I keep reading about how boys have a harder time at all levels of school than girls. It turns out there may be more going on than the commonly held argument that teaching styles are more conducive to girls' success. Boys may also be at a biological disadvantage — new research shows that their brains may be more vulnerable to harm from pesticides.
As a mom of an infant boy, this has me seriously worried.
Study after study has shown that children’s IQs, memory and brain health are at risk from exposure to pesticides.This latest study — from researchers at Columbia University — concludes that among children exposed prenatally to the insecticide chlorpyrifos, boys had more problems with working memory than girls when tested at age 7.
Though having nurturing parents improved children’s working memory (especially for boys), it did not lessen the overall negative cognitive effects of exposure to the pesticide.
Chlorpyrifos was commonly used in homes until 2001, when it was banned for home uses largely because of well documented neurological health impacts on children. The pesticide, which is also a suspected hormone disruptor, is still registered for use in U.S. agriculture, with an estimated 10 million pounds applied to crops every year. That's quite a lot.
Children living near agricultural fields continue to be exposed to this pesticide throughout the growing season. Studies show that rural kids living in the same house as workers who apply pesticides in fields have higher levels of pesticide breakdown products in their urine, including from chlorpyrifos, during active crop-spraying periods. Urban children are exposed to chlorpyrifos primarily through their food.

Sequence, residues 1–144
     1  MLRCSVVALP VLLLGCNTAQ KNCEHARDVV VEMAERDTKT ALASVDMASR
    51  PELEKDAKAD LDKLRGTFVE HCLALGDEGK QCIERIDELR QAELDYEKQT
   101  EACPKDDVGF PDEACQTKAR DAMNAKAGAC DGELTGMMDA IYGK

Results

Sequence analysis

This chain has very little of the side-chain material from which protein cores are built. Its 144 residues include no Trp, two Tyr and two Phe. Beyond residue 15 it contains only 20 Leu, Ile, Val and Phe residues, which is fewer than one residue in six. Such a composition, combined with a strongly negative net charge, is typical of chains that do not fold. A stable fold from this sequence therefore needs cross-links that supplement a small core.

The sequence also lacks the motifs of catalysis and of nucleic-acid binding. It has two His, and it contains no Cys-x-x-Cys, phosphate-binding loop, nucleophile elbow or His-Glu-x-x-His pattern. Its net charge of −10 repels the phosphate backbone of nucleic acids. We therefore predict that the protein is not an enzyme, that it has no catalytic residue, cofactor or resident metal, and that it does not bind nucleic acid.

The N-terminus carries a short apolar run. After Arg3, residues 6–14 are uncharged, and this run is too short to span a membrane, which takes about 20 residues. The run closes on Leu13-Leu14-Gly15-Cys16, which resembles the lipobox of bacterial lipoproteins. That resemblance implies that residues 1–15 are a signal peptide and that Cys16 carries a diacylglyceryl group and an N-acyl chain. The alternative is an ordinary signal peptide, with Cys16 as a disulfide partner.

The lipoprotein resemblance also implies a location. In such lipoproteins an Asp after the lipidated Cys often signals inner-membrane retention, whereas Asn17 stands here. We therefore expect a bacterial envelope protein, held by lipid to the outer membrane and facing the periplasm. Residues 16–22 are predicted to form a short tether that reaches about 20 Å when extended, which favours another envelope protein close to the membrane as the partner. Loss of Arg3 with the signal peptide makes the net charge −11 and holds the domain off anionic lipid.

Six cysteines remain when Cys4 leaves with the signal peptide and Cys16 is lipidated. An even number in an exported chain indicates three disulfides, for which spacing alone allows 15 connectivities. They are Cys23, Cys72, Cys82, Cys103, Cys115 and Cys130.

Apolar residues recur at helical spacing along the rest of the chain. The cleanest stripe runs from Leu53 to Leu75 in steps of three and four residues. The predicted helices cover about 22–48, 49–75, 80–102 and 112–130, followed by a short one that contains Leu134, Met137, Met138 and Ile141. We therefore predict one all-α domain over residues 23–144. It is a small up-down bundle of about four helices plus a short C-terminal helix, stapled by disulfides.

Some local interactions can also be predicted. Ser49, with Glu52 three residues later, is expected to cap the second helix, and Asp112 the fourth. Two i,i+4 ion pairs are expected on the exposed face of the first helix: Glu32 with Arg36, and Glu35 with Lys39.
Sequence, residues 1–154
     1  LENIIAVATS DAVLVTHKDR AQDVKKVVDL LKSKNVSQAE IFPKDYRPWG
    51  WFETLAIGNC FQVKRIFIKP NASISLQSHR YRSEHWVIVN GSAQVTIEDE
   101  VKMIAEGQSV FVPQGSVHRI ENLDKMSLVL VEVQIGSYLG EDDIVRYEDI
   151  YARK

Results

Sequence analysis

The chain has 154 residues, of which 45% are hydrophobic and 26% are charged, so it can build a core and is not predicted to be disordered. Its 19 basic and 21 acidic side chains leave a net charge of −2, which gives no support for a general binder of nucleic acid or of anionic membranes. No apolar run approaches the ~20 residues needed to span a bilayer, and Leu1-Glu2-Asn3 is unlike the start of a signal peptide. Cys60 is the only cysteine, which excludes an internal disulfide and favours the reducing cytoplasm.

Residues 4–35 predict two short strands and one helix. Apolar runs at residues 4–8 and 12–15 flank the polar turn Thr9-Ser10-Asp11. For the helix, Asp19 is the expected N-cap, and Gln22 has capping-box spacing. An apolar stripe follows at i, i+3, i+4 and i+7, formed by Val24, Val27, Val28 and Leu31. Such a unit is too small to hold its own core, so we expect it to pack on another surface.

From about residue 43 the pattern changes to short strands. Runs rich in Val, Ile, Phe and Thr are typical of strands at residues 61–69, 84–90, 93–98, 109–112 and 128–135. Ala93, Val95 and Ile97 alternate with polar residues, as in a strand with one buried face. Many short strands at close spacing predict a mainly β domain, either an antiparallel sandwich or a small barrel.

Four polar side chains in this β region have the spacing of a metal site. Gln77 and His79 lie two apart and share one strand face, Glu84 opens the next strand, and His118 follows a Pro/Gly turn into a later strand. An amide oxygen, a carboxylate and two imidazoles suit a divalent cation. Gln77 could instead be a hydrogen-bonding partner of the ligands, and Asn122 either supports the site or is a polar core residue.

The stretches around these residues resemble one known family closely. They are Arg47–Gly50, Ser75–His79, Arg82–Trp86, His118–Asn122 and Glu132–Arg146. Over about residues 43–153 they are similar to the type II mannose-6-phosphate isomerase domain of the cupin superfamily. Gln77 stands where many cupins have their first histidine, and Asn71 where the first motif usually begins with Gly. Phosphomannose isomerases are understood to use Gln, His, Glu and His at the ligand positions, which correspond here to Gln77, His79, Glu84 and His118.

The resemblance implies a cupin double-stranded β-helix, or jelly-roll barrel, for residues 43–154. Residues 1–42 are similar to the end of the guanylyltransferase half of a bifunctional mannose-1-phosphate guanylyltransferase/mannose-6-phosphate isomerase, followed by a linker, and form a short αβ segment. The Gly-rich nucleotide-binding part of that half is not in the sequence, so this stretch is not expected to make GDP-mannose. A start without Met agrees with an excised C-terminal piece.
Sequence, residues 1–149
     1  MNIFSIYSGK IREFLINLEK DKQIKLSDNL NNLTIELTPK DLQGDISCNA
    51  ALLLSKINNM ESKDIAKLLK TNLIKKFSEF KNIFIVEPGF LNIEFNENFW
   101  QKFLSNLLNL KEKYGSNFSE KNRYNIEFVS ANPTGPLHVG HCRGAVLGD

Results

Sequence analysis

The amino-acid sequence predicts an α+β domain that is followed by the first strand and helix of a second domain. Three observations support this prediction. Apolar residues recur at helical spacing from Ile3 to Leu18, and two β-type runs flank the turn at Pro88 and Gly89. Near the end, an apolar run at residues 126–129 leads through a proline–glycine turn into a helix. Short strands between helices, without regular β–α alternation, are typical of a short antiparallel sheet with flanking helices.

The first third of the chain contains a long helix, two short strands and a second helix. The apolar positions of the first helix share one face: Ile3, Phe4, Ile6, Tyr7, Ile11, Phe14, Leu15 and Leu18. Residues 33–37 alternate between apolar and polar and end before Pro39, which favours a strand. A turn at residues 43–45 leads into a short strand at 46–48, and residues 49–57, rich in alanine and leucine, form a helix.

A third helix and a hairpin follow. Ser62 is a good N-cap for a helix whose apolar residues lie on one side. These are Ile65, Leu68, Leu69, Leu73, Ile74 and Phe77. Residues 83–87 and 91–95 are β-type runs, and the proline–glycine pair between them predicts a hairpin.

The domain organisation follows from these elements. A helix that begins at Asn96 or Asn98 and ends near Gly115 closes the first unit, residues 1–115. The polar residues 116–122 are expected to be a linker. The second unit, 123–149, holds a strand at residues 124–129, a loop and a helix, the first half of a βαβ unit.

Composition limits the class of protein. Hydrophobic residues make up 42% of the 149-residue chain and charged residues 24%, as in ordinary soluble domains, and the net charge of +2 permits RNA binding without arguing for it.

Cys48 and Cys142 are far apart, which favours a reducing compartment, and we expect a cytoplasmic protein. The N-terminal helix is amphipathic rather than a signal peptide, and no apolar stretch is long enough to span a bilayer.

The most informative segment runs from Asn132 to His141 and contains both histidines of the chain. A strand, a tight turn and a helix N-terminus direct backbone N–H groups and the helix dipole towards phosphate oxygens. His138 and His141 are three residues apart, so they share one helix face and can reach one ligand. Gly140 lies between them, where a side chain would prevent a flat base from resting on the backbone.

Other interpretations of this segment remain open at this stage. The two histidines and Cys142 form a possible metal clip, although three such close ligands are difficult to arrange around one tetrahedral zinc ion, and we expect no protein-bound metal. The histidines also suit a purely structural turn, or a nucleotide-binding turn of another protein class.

CDC testing found the vast majority of the U.S. population — an estimated 75% — also has chlorpyrifos breakdown products in their urine, with the highest levels found among the children who were tested.
All these exposures continue to rob children of their ability to reach their full cognitive potential. And children's developing bodies are especially vulnerable to pesticides like chlorpyrifos, since they have lower levels of enzymes that can help make such chemicals less toxic to the body. And as we now understand, boys are hit the hardest.
Lower IQs can have devastating impacts for kids and their families in the form of poorer grades, and increased likelihood of dropping out of school. Even a small reduction in a child’s IQ can increase the need for extra help in school — with the resultant increased costs for school systems across the country — and decrease effectiveness and productivity at work over a lifetime.
In a recent letter to EPA, a group of prominent health professionals called upon the Agency to ban chlorpyirfos. They noted that:
Prenatal exposure to organophosphate pesticides, including chlorpyrifos, has negative impacts on neurodevelopment including perceptual reasoning, working memory and poorer intellectual development in 7-year-old children. Higher blood chlorpyrifos concentrations during pregnancy were found to be associated with poorer mental and motor development at three years of age.
Isn’t it high time our decisionmakers and regulatory agencies woke up to the true costs of what pesticides can do to our children's intelligence? EPA, are you listening?!